African Christian Ethics (Hippo)

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Though Manichaeism was already on its way out, it still had a sizable following. Augustine, who knew its strengths and weaknesses, dealt it a death blow. At the public baths, Augustine debated Fortunatus, a former schoolmate from Carthage and a leading Manichaean. The bishop made quick work of the heretic, and Fortunatus left town in shame. Less easily handled was Donatism, a schismatic and separatist North African church. They believed the Catholic church had been compromised and that Catholic leaders had betrayed the church during earlier persecutions.

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Augustine argued that Catholicism was the valid continuation of the apostolic church. He wrote scathingly, "The clouds roll with thunder, that the house of the Lord shall be built throughout the earth; and these frogs sit in their marsh and croak 'We are the only Christians!

In the controversy came to a head as the imperial commissioner convened a debate in Carthage to decide the dispute once and for all. Augustine's rhetoric destroyed the Donatist appeal, and the commissioner pronounced against the group, beginning a campaign against them.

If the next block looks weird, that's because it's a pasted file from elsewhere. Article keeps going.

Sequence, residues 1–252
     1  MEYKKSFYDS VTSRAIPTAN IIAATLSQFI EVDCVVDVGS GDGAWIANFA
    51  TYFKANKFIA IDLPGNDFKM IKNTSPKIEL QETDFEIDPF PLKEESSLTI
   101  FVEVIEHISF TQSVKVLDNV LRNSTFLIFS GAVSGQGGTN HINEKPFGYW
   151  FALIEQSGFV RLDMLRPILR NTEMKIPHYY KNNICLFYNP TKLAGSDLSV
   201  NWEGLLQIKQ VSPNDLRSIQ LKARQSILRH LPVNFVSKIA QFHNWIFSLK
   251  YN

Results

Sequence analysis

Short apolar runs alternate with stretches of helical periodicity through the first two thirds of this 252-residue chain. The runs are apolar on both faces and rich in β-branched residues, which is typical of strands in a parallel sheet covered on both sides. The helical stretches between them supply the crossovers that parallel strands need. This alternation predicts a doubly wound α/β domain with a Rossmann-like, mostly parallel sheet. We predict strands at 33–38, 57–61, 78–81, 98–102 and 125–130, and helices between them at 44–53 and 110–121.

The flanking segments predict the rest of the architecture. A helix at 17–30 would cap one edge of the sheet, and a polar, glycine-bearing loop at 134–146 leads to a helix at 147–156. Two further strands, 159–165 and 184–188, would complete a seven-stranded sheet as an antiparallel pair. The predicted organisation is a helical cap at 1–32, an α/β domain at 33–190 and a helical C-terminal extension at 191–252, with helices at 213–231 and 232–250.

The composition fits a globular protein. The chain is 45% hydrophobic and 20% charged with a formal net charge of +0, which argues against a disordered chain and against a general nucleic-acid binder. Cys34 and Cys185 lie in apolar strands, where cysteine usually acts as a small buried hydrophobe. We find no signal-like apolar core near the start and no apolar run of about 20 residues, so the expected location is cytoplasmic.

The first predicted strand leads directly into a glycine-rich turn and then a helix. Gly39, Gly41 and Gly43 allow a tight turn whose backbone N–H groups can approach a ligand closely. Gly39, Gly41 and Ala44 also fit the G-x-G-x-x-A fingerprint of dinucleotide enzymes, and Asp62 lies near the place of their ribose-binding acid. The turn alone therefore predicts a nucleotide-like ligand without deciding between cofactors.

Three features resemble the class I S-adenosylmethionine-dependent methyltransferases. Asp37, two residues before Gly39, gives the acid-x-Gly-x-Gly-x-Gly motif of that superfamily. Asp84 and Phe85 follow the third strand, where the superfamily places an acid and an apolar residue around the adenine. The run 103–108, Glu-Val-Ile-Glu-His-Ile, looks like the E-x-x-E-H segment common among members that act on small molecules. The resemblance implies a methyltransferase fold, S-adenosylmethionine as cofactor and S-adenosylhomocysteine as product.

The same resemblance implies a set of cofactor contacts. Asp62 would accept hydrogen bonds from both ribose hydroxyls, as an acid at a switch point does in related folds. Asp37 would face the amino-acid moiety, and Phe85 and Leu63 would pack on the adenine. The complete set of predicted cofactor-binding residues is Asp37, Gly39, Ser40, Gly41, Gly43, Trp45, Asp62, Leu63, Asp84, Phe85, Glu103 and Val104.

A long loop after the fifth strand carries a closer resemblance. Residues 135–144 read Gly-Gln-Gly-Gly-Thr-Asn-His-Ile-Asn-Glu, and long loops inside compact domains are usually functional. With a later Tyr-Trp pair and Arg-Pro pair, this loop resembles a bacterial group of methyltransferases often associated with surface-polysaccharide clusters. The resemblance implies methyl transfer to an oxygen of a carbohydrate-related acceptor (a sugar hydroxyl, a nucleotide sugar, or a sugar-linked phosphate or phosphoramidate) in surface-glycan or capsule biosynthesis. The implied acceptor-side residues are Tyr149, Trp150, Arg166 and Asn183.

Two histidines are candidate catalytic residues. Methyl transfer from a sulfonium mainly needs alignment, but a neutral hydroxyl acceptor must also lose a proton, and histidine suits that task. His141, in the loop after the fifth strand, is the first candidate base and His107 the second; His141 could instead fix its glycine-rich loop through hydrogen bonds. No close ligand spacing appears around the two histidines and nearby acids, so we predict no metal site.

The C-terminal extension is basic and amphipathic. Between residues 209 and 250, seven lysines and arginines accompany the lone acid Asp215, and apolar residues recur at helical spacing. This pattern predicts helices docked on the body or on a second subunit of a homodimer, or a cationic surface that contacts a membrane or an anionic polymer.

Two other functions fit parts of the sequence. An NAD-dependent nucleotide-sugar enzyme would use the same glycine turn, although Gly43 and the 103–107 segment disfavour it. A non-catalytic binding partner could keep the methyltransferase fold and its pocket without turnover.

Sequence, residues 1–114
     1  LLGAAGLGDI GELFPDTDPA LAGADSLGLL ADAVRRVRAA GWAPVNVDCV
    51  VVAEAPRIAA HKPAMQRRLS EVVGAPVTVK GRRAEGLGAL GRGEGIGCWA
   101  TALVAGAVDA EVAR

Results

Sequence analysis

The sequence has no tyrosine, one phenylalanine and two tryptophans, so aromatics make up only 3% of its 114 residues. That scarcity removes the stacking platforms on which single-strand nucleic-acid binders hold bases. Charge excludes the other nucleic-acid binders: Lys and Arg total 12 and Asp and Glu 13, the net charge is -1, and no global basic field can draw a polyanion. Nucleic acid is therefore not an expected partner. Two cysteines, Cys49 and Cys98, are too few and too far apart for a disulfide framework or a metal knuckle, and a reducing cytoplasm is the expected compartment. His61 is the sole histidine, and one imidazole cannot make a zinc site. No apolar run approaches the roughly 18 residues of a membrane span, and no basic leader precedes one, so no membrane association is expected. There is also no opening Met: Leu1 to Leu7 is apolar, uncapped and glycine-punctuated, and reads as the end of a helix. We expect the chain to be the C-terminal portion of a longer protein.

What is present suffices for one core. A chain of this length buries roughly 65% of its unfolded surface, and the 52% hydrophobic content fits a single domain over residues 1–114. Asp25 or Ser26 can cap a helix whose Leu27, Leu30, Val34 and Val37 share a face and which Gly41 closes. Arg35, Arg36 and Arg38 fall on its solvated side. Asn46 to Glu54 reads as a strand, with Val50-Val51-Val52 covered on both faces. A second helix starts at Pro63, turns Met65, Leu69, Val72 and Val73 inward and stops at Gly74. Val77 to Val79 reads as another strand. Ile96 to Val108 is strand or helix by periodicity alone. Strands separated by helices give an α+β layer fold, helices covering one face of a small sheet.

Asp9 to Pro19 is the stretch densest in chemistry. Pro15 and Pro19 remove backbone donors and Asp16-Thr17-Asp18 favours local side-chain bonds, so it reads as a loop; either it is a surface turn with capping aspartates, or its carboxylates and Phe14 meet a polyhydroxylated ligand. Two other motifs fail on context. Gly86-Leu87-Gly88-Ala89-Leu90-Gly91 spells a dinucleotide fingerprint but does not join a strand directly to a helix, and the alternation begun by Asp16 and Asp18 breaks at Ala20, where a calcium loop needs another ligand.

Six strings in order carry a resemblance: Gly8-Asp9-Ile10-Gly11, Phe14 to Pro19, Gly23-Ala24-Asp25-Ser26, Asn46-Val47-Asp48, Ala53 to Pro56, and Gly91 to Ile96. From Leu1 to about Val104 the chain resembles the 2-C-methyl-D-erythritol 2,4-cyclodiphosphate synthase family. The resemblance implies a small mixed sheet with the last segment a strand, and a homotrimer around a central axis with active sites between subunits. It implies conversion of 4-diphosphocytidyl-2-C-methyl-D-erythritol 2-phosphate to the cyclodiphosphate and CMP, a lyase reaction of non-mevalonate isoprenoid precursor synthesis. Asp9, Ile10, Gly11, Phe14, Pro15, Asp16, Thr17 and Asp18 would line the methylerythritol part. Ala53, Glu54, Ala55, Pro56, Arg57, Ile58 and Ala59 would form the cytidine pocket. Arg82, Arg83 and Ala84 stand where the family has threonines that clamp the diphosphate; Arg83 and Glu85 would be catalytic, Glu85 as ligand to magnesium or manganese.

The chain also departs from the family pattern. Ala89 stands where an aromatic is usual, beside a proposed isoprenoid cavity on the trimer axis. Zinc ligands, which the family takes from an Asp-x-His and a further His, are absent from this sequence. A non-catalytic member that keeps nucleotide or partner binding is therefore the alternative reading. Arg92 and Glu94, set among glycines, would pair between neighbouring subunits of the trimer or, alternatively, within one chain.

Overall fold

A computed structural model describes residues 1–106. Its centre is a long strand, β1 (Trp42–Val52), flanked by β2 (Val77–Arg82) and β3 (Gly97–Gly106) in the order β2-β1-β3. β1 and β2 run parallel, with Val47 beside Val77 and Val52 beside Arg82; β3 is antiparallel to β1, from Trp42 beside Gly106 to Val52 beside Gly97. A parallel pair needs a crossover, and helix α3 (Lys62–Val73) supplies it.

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It was not, however, a time of rejoicing for the church. The year before the Carthage conference, the barbarian general Alaric and his troops sacked Rome. Many upper-class Romans fled for their lives to North Africa, one of the few safe havens left in the empire. And now Augustine was left with a new challenge—defending Christianity against claims that it had caused the empire's downfall by turning eyes away from Roman gods. Augustine's response to the widespread criticism came in 22 volumes over 12 years, in The City of God.

He argued that Rome was punished for past sins, not new faith. His lifelong obsession with original sin was fleshed out, and his work formed the basis of the medieval mind. There, instead of victory, is truth. One other front Augustine had to fight to defend Christianity was Pelagianism. Pelagius, a British monk, gained popularity just as the Donatist controversy ended. Pelagius rejected the idea of original sin, insisting instead that the tendency to sin is humankind's own free choice.